Today’s team review is from Terry, she blogs here https://terrytylerbookreviews.blogspot.co.uk/
Terry has been reading Burntbridge Boys by John F. Leonard
I’ve read quite a few of John F Leonard’s shorter length horror tales, and always enjoy both his original story ideas and characterisation. Burntbridge boys is set in 1979 and is about Sammy ‘the butcher’ Rafferty, a former footballer, football club manager and general bad boy, whose glory days are over; he is currently on the run from the police and from unfriendly criminal types. When Sammy finds himself in the decaying stadium of a defunct club, it seems that his dreams might not be over after all….
Much of the story includes flashbacks to the 1960s, detailing Sammy’s career and how deeply he became involved in the corruption to do with the game: the pay offs, the dodgy transfers, the darker side of life for many of those involved. Sammy’s backstory is as much a part of the whole as the supernatural side, which I liked; in itself, it’s something of a horror story.
I very much liked the unravelling of the ghostly mystery in the last 20% of the story, the strongest part; Sammy’s meeting with Burntbridge’s Chairman Millicent is stunningly good. I felt that some of the earlier parts would benefit from a bit of fine-tuning, perhaps another draft or the hand of an experienced copy editor to tidy up some over-use of the subordinate clause and to make the delivery more concise. A little more attention to detail could raise this author’s work to the next level.
Having said that, it really is an excellent story, and I love the way Mr Leonard doesn’t shy away from the distasteful, and builds tension so well – I think if you have an interest in football, you’ll love it, especially if you like your fiction on the dark side, but even if you actively dislike it, as I do, you’ll still enjoy!
It’s 1979 and Sammy Rafferty is on the run. From the past. From the police. And, perhaps more importantly, from some rather unfriendly criminal types.
He thinks his football dreams are over, but that might not be the case. He’s run to Burntbridge Lye. A place where dreams don’t always die.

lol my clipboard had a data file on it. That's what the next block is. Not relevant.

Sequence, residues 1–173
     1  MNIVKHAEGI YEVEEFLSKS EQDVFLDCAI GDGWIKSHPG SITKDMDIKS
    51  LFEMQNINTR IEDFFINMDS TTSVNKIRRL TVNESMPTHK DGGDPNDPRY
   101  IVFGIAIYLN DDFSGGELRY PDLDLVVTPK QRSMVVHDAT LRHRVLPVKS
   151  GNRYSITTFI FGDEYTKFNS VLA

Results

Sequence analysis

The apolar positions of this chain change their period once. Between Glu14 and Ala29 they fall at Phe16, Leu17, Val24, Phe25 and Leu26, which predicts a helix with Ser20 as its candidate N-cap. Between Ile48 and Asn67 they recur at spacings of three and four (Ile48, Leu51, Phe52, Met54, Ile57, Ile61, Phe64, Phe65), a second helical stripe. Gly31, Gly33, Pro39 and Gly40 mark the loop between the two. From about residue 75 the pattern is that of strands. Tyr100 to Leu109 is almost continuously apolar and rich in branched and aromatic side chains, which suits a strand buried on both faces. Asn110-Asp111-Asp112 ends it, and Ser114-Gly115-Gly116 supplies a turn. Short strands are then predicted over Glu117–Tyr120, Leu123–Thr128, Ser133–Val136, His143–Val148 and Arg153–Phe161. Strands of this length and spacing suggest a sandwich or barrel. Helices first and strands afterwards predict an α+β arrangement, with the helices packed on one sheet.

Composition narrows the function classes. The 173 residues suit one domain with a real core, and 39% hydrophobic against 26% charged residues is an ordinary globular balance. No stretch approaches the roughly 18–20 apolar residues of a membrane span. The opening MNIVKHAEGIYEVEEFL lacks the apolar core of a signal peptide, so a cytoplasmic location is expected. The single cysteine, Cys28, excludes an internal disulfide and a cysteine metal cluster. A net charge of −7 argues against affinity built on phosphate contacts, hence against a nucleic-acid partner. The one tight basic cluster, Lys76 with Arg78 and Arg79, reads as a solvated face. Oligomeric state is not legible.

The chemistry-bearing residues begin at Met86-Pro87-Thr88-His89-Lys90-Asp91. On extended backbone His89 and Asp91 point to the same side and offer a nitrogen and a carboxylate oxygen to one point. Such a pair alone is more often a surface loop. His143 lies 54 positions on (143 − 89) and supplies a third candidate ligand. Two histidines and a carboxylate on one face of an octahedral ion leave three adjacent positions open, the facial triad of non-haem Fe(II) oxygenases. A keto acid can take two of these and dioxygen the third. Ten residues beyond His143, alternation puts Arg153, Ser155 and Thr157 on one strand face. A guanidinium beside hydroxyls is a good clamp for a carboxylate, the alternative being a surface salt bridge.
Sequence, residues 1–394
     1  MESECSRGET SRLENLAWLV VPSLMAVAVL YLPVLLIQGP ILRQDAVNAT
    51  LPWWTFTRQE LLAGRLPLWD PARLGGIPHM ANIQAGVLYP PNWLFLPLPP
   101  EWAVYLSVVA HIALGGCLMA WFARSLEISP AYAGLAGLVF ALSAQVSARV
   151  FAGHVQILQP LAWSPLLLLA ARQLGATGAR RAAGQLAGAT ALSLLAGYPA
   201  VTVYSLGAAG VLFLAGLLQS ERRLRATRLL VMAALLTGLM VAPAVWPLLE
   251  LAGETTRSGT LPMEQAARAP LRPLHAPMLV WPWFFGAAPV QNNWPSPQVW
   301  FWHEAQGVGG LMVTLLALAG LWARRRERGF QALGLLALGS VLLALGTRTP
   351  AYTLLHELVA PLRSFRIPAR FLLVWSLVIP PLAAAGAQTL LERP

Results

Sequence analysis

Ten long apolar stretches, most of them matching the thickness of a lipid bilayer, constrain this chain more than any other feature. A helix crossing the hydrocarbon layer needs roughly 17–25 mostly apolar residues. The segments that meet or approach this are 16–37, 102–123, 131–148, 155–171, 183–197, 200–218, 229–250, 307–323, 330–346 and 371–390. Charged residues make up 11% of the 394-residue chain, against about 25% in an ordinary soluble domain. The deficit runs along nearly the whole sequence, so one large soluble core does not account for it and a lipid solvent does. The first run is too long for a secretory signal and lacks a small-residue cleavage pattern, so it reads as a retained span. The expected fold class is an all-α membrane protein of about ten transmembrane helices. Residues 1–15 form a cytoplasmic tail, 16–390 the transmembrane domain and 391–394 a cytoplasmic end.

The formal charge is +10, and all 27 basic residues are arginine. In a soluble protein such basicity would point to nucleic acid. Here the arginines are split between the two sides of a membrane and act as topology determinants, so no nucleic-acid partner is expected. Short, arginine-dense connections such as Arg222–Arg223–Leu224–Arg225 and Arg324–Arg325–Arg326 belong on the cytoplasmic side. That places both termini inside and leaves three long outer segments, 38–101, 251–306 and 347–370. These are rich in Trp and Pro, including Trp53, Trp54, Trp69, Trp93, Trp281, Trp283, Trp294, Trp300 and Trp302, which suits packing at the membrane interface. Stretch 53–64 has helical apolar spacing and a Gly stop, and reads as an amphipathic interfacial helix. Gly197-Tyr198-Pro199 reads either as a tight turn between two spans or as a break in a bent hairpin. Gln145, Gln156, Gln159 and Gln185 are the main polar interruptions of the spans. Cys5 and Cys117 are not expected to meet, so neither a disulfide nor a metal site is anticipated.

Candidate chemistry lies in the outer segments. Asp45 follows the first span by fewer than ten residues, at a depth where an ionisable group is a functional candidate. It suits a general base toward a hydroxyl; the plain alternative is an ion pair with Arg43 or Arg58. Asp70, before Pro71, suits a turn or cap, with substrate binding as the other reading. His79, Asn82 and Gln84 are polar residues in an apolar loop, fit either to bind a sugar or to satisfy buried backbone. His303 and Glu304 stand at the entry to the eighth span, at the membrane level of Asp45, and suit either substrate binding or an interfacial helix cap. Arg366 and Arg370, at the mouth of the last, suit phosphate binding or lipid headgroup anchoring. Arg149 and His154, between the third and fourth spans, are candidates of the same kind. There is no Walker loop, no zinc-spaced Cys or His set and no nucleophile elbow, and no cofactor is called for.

Sammy “the butcher” Rafferty has long since kissed his playing days goodbye. Never kicking a competitive ball again was a hard pill to swallow and he’s not ready for his managerial career to come to an untimely end. The thought of forever being shut out of football makes his heart sink and feet itch.
There isn’t any choice. The cards have been dealt and you have to play the hand you’re given. Sammy grits his teeth and gets on with it. Life settles into monotony and offers only boredom and frustration …until he comes across an old football ground nestled in the back of beyond.
He can almost hear the roar of the crowd as he parks at the gates of the deserted Burntbridge Palmers, a decaying stadium on the outskirts of Bledbrooke Town.
The club that won’t die could be just the place for a man who still has a gleam in his eye. After all, they’re both ghosts that won’t go away.
Burntbridge Boys is about a lot of things.
Horror, for sure. No doubt there. Old school horror, with a twist. A ghost story where the ghosts aren’t really dead.
A fond reminiscence of football, back before football became completely commercialised? Yes, definitely, soccer plays its part. Although, it has to be said, the beautiful game is sometimes less than beautiful in Burntbridge Boys. It can be somewhat ugly and …disturbing. And often more than a game.
Deceit and double-dealing? Yeah, there’s a fair-sized chunk of that.
It might also be about power passed into hands too fragile for the holding. The darkness hidden in human hearts which is best kept hidden and secrets that are better not revealed. Society and its cruel attitudes, before society became an equally dreadful click-driven social media experiment.
You’ll draw your conclusions – that’s one of the joys of reading.
On a more prosaic level, is there such a thing as a football horror story? Let alone one set in the past which wallows in a darkly imagined history of the game.
Who knows? When the Dead Boxes are involved, anything is possible. Such items have always been scary things.
Even in the swinging Sixties and glam-shock punk revolution of the Seventies, they contained a terrifying mix of horror and salvation. Throw the Scaeth Mythos into the mix and stuff gets decidedly multi-dimensional.
There are different realities and the walls which separate them can be paper thin. The tiniest tear can allow horror and madness to bleed through.